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creative:impact - The Blind Pig is (a) scene!

Inside the Blind Pig
The Blind Pig
/
blindpigmusic.com
Inside the Blind Pig

Creative industries in Washtenaw County add hundreds of millions of dollars to the local economy. In the weeks and months to come, host Deb Polich, the President and CEO of Creative Washtenaw, explores the myriad of contributors that make up the creative sector in Washtenaw County.

Deb Polich
David Fair
/
89.1 WEMU
Deb Polich, President and CEO of Creative Washtenaw, at the WEMU studio.

ABOUT JOE MALCOUN:

Briefly describe your work.

Joe Malcoun
University of Michigan
/
umich.edu
Joe Malcoun

I wear multiple hats: CEO, Co-founder, Investor, and Partner. I’m CEO of Nutshell, a software company that provides sales automation and customer relationship management for thousands of small-and medium-sized businesses all around the world. I’m also the co-founder of Cahoots, which is a 25,000-square-foot co-working space for startups in downtown Ann Arbor. As a hobby, I am an active angel investor and have built a portfolio of dozens of amazing companies mostly here in Michigan. Lastly, I am one of the managing partners of a group that recently acquired Ann Arbor’s iconic live music venue The Blind Pig. The Pig is a project of passion.

What inspired you to choose this path? What was your journey leading up to it?

My background is actually in energy and sustainability. I have a bachelor’s degree and a master’s degree in environmental policy and economics respectively, and initially, my career was focused on the intersection of business and sustainability—first as a consultant for a boutique firm called GreenOrder, and later as a member of DTE Energy’s Strategy + Mergers & Acquisitions team. After a few years at DTE, I realized that I wanted to be a part of something more intimate. I loved how much reach and impact on the community an organization like DTE can have, but I didn’t feel very connected to how my day-to-day activities were contributing. I decided I wanted to learn early-stage tech investing, so I spent the next six months meeting with every person I could identify in the local startup community. Eventually, I felt that I knew the lay of the land enough to make my first investment, and then spent the next several years doing that full time.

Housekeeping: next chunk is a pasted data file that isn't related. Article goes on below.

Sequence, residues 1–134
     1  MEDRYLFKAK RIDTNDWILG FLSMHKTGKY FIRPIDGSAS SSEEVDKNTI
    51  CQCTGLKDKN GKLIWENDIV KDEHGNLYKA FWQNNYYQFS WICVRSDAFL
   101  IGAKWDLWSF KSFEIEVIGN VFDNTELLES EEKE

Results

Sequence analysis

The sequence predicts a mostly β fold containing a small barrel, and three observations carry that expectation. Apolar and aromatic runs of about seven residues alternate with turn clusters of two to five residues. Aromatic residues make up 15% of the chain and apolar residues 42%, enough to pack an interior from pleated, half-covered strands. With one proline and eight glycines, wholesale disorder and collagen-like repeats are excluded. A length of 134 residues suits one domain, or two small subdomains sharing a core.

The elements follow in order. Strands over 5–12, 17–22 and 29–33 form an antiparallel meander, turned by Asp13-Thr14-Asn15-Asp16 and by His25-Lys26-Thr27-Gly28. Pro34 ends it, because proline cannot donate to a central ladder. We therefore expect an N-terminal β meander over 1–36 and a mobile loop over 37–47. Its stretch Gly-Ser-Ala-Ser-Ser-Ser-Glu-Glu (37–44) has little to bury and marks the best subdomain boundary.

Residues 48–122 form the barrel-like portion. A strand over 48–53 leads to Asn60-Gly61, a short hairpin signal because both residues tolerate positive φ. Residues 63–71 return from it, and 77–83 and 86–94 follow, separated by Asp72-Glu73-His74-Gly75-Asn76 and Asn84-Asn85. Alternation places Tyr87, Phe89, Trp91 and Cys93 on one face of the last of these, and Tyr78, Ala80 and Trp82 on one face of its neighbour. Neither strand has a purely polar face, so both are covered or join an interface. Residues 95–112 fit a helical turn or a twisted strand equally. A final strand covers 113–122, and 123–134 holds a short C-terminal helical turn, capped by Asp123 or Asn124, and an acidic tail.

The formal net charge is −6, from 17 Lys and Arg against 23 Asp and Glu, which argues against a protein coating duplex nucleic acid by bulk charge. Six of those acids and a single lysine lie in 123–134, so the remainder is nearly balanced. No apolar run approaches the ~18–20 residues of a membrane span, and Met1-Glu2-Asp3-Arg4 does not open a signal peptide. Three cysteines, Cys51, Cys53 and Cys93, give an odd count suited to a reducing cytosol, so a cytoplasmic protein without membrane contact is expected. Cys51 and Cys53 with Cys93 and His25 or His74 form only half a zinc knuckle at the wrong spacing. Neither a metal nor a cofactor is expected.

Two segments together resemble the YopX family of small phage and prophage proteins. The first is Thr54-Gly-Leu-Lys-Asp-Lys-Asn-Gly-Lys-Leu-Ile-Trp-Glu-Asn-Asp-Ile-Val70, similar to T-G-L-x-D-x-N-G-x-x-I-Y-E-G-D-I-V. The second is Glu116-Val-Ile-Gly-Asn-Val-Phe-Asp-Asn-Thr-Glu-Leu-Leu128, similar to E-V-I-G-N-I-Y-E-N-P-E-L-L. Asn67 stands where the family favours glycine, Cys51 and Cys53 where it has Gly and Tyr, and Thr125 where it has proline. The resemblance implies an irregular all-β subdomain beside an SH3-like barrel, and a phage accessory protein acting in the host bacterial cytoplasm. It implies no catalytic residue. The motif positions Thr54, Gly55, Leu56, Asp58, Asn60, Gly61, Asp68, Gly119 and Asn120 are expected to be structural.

It was while I was angel investing that I met my current business partner, Guy Suter. Guy and I had been working collaboratively to build our companies in downtown Ann Arbor and realized that the community needed more in order to grow into the major tech-hub we all desired it to be. One of the many things we realized that was missing was a “place”. Every major tech community outside of the Valley had a space where investors and entrepreneurs gather to learn, build, and network. So we went on a tour of major startup communities around the country, and the one that had the most significant impact on us was Capital Factory in Austin. This is how Cahoots was eventually born.

Lastly, I love live music but I’m not a musician. The Blind Pig has served as a critical component of Ann Arbor’s arts scene for decades. I had discovered that the prior owners were getting ready to sell the building and business, so I found myself in a position to bring investors together and partner with the existing employees to ensure that the Pig remained a live music venue for decades to come.

How was the University of Michigan ecosystem beneficial to you?

I loved being a student. I enjoyed nearly every facet of it. I’m very social, so making new friends and socializing with other students was incredibly valuable to me. I also really enjoy being challenged, and found that my degree programs did so in an inspiring way. Ultimately, I think that attending a school with depth in so many disciplines was especially valuable to me, particularly when it comes to taking risks as an entrepreneur.

What would you consider your biggest setback in your entrepreneurial journey?

They are many. Most of my setbacks involve bad calls with managing a team. There have been times when I over-managed and didn’t give the respect specific people deserved. There have also been times when I didn’t manage enough and let people make huge mistakes when they probably could have been doing their best work elsewhere. Mistakes are plentiful and often painful for a first-time CEO. How you choose to react and handle your mistakes is far more consequential than the fact that you made them in the first place.

What advice do you have for students thinking about starting a venture?

Practice self-awareness. Know who you really are and who you are not. Don’t pretend to be the latter. Say “I don’t know” when it’s true and be assertive when your gut is on fire. Your personal risk curve is inversely correlated with age and career development. The longer you wait to take a swing, the harder it is. Don’t fall into the trap of “I’m going to go work at a Fortune 500 Company for a few years, save some money, and then start a venture.” No, you won’t. They pay much too well and you will not be able to leave.

RESOURCES:

Made in Michigan Alumni Insights: Joe Malcoun

The Blind Pig

The Blind Pig on Facebook

The Blind Pig on Twitter

The Blind Pig on Instagram

TRANSCRIPTION: